Jesus then joins them on the road, though they don’t recognise it’s him. He presses them for detail on what is upsetting them. To comfort them, he takes them on a whirlwind tour of Old Testament events and prophecy to show them that the suffering and death of the Christ – and his resurrection – was always part of the divine plan.

Jesus’ re-narration of events is a particular kindness to his bereaved disciples.

Jesus’ re-narration of events is a particular kindness to his bereaved disciples. They think they’re in a story where their hopes had come to nothing, where the death of Jesus had undone their world.

But they’re actually in a story where death is no longer the end, because the death of the Christ can raise everyone to life.

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Clearly, we know people who struggle to believe that that’s possible. But that doesn’t change the longing we all feel to be reunited with those lost to us.

Cheryl is haunted by her mother on the Pacific Coast Trail. She sees her mother in the wildflowers and herbs that cross her path, and cannot contain her grief that her mother’s boundless love was, in the end, devoured by a hungry, ruthless universe.

For Cheryl, there is no loving God at the centre of all things. Instead, there is a just a void that consumes everything and never gives anything back.

It’s a story that suggests that God walks alongside us, no matter what paths we tread.

But we see a very different picture of God in the story of the disciples on the road to Emmaus. We see one who draws near to us in our grief, who is our counsellor and comforter when we are in distress.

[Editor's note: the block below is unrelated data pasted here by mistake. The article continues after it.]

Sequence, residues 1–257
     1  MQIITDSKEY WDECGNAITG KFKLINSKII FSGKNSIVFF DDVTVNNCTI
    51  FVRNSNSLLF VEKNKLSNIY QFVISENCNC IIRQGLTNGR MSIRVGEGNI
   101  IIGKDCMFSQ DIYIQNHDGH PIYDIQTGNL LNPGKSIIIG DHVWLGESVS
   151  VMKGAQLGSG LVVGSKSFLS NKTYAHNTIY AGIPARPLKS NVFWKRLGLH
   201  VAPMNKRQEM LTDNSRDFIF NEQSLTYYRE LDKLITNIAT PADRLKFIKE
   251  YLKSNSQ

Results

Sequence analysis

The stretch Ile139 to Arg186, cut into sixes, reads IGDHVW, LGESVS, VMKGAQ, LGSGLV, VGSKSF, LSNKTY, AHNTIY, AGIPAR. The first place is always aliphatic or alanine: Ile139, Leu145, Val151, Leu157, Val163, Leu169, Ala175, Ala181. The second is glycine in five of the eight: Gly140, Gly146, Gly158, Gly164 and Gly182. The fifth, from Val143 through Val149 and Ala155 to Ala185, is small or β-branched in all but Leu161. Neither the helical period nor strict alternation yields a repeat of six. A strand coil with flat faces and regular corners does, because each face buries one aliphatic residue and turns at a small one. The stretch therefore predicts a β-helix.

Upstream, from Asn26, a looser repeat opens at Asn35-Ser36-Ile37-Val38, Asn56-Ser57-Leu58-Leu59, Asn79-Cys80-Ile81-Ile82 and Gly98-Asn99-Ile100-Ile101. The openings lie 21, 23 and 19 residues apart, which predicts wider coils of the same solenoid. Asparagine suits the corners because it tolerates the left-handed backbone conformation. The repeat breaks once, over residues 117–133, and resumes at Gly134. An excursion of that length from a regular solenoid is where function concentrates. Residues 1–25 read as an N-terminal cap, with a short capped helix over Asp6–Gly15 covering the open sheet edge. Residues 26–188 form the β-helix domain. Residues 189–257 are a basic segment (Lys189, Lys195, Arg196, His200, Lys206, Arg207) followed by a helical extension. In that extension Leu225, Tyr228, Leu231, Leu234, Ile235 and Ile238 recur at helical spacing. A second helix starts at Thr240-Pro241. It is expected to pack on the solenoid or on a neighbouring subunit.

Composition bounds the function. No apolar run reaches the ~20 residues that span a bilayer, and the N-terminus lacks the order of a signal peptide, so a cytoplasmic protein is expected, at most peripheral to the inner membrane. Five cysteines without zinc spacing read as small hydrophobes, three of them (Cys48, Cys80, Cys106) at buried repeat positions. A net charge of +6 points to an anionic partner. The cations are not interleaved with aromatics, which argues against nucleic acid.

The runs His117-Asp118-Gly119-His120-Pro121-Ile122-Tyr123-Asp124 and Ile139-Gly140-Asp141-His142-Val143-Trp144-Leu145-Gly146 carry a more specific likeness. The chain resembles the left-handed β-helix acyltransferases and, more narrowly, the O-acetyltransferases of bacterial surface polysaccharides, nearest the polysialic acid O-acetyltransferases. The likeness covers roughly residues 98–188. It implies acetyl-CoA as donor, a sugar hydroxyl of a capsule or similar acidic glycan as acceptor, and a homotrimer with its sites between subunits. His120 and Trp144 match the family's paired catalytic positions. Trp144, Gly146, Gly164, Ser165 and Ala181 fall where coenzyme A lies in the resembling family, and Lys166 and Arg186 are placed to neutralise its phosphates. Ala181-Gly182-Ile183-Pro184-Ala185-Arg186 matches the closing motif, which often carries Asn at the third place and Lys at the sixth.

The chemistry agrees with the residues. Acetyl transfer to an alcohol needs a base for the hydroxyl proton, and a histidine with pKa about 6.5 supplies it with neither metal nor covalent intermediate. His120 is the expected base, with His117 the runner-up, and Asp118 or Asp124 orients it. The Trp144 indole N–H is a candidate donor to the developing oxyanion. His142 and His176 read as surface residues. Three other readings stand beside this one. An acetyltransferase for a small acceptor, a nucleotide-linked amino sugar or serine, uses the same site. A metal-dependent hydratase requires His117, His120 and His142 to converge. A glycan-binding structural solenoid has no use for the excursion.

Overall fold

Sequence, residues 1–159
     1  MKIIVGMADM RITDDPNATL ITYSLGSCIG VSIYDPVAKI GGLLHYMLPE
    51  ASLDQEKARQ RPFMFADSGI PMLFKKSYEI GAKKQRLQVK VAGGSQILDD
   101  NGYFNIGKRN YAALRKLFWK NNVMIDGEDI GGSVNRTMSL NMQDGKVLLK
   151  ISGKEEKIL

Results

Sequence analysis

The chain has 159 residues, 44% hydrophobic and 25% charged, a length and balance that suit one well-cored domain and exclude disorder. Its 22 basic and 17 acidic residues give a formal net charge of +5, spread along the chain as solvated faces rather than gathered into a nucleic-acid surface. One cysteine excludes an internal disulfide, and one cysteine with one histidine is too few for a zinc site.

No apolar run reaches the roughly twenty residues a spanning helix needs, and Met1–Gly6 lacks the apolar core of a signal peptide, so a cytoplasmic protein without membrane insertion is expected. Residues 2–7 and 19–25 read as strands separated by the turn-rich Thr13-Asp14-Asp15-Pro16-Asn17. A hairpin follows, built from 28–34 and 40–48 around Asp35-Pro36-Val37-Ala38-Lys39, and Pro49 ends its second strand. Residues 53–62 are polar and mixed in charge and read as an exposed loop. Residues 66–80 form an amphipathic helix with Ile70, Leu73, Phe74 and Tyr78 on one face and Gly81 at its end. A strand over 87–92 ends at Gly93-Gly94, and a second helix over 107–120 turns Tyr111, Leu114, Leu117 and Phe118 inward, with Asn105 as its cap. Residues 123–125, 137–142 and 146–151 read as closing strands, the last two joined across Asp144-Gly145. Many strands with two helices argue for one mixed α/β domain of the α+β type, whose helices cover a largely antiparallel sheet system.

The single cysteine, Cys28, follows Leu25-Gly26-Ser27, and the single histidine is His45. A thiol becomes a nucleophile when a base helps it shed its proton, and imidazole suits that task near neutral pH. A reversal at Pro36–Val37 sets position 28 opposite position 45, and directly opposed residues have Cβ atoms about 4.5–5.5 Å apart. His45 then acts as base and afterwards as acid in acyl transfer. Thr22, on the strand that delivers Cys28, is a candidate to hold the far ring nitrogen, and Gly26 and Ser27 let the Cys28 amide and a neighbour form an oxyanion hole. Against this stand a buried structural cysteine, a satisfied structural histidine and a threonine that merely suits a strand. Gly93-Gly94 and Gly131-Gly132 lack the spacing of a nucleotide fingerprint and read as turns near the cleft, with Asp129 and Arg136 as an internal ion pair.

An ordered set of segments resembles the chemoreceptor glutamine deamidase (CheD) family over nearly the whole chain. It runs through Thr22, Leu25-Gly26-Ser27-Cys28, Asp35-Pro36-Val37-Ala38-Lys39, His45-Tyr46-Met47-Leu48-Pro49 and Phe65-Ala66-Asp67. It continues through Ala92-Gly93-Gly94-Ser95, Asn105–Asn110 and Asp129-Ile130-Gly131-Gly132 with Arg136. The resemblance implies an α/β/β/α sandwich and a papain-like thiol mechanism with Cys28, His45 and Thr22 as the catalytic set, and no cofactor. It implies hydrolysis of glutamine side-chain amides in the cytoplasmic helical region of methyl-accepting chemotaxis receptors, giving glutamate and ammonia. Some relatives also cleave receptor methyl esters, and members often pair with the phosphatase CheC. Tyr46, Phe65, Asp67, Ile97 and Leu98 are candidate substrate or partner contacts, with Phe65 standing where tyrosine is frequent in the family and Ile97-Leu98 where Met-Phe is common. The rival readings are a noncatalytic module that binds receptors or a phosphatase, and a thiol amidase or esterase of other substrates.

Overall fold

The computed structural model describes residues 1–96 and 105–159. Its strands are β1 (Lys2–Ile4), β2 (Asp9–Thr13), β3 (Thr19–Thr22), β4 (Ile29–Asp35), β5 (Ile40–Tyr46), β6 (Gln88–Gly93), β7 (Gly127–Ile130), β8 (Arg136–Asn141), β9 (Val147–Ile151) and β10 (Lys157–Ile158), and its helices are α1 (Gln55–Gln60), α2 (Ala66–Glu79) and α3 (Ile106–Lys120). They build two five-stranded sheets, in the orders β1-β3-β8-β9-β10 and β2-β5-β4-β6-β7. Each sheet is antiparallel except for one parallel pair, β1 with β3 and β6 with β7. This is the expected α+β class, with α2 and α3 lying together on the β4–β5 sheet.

The death of our loved ones also kills something inside of us. But the promise of this story is that the Christ who conquers death not only has the power to raise the dead, but revive the living left behind.

The risen Christ, this story suggests, can put the Lou back into Lou, the Cheryl back into Cheryl and, not least of all, the you (yes, you) back into you.

It’s a story that suggests that God walks alongside us, no matter what paths we tread.

Whatever paths you’re on right now – even without being able to leave your house! – be encouraged by this story that the risen Christ walks with you, and is, most certainly, even nearer than you realise.

 

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If any material in this story has disturbed you or relates to someone you know, please consider: 

If you are in an emergency, or at immediate risk of harm to yourself or others, please contact Emergency Services on 000.

Beyond Blue: 1300 22 4636 is a trusted source of information and support on suicide prevention. It provides information to people at risk of suicide or who have attempted to take their life with support options, and gives practical advice for people worried about someone they think might be suicidal on how to help.

Lifeline: 131 114 provides 24/7 crisis support and suicide prevention services.

Suicide callback service: 1300 659 467 provides free counselling for suicide prevention and mental health via telephone, online and video for anyone affected by suicidal thoughts, 24/7.